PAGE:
Without joy, our salvation is without benefit, at least in this life.

Christianity is an intrinsically happy religion because we worship a happy God who calls upon us to worship him with joyful song. “With joy you will draw water from the wells of salvation.” ( Isaiah 12:3) Joy is the bucket by which we draw all the benefits of salvation. Without joy, our salvation is without benefit, at least in this life. It is through apprehending the joy of God that we have the strength and motivation to live the Christian life, as Nehemiah 8:10 points out, “Do not grieve, for the joy of the Lord is your strength.” A faith that is not happy is not Christianity at all; it is something far worse. It is the stuff of Pharaseeism. It is the stuff that our Lord went on a rampage about. The guilty, He forgave; the broken, He made whole; the sick, He healed; the ignorant, He taught. To the ones whose religion resembled His but had not joy, He blasted. He nailed them to the wall. Theologically the Pharisees were not far from Jesus. They accepted the same text for their authority (although they added some rules and gave to them equal authority), they believed in the resurrection, they had enough commitment to make any evangelical blush, but they lacked joy. They lacked heart. They did religion, but they did not love God.

I appreciate Piper’s translation of 1 Timothy 1:11, “The good news of the glory of the happy God.” The Pharisees knew nothing of a happy God. If the God we worship is happy, he is surely not pleased with anything less than a people who joyfully worship him.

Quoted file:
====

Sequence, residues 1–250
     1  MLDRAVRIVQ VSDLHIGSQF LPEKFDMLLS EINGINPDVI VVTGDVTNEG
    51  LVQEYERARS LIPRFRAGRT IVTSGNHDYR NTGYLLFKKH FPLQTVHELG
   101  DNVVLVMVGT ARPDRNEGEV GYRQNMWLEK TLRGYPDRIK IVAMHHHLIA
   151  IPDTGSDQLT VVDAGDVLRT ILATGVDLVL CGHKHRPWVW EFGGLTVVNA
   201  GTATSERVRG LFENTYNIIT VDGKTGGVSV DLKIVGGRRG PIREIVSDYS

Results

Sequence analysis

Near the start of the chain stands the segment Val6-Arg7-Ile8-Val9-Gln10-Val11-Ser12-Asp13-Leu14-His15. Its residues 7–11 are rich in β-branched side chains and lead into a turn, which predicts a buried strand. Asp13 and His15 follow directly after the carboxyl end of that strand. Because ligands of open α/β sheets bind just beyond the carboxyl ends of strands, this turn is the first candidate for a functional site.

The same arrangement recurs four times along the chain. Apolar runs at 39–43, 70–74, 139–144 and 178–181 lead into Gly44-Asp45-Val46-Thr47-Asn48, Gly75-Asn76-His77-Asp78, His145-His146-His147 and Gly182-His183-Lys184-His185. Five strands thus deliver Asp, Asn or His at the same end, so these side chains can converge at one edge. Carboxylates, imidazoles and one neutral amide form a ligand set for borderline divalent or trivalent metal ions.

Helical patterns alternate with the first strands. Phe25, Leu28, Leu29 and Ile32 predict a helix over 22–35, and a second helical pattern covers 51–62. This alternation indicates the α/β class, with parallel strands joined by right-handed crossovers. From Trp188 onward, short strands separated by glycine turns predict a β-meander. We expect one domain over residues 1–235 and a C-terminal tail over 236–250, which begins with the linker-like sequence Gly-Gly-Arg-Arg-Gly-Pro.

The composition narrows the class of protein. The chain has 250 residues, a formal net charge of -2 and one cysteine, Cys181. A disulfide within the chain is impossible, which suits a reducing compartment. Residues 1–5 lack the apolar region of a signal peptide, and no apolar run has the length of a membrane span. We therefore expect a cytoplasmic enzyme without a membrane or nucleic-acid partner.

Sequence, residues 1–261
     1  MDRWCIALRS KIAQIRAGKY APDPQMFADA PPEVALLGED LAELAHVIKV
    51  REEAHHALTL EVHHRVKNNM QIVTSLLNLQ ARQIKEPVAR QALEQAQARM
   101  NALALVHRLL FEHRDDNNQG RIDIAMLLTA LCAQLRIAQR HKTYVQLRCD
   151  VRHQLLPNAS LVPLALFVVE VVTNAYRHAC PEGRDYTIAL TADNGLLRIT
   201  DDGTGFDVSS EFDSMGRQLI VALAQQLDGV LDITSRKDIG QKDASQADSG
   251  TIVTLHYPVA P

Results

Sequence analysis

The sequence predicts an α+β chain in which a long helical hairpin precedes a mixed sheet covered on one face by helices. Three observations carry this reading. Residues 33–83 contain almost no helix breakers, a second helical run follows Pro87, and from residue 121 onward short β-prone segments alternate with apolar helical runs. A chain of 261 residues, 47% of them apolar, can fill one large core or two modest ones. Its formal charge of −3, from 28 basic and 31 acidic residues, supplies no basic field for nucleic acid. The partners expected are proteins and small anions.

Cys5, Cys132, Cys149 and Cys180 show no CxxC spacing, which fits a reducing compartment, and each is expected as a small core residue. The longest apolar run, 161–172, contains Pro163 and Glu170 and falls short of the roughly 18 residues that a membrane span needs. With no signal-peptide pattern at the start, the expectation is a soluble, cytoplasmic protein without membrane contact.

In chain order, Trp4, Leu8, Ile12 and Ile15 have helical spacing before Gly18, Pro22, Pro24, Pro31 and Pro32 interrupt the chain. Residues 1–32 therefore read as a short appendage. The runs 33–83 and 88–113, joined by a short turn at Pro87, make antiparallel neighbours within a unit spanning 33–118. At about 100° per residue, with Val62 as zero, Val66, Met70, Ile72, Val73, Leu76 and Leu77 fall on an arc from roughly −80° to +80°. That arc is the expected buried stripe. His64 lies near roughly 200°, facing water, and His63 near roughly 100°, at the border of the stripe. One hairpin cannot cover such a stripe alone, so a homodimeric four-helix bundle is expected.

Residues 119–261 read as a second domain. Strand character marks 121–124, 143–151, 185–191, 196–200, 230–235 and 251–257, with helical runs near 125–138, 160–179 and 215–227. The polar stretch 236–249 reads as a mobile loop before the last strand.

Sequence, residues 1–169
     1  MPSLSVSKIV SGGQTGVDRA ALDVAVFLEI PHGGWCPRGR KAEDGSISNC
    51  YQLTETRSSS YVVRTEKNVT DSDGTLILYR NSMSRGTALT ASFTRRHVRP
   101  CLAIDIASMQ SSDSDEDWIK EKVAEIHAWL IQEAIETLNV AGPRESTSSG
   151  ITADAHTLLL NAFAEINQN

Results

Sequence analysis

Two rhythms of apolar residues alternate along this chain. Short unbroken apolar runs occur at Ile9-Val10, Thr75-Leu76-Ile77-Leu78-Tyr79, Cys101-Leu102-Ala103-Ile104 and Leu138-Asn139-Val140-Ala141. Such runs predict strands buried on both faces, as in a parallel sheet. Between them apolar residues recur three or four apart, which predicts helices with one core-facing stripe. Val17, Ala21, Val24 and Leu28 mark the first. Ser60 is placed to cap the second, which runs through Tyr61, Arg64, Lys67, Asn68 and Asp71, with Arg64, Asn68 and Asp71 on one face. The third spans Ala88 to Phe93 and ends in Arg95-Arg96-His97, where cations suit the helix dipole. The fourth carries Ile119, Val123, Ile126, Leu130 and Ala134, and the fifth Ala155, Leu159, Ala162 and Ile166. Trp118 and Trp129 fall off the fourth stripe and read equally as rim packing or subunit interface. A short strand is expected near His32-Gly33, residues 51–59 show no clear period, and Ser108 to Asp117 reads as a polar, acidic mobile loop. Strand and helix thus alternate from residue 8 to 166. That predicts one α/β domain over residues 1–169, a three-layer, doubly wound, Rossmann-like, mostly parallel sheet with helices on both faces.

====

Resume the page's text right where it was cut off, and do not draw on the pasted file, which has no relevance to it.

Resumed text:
Esther’s king had a law stating it was illegal to be in the presence of the king with a somber countenance. Violation of this law was punishable by death. Perhaps the theory was, “I don’t know what your problems are, but being in the presence of the king ought to be exciting enough to snap you out of it.” (If you think about it, it would be a pleasant rule to have; I wish I could decree that no one was allowed to be in my company who was grumpy.) I wonder if Xerxes is a type of our King.

The one exception, of course, is that God expects, and indeed demands that we come to Him sorrowfully in our repentance. “The sacrifices of God are a broken spirit; a broken and contrite heart, O God, you will not despise.” (Psalms 51:17) But this is just for a moment, a season at most. Our God is quick to forgive, and when He does it is time for celebration on earth, as it is in heaven. “I tell you that in the same way there will be more rejoicing in heaven over one sinner who repents than over ninety-nine righteous persons who do not need to repent.” (Luke 15:7) That sinner will, of course, repent again, and he will be sorrowful in his repentance again. But he must quickly wash his face and accept by faith that God has forgiven and that they are throwing a party in heaven over this repentance as they threw a party when he was converted. It is time for him to rejoice as well. To fail to do so is to call into question the wisdom and mercy of God.

We enjoy God because we imitate a happy God. We grieve temporarily, mostly over sin. But it is only for a season.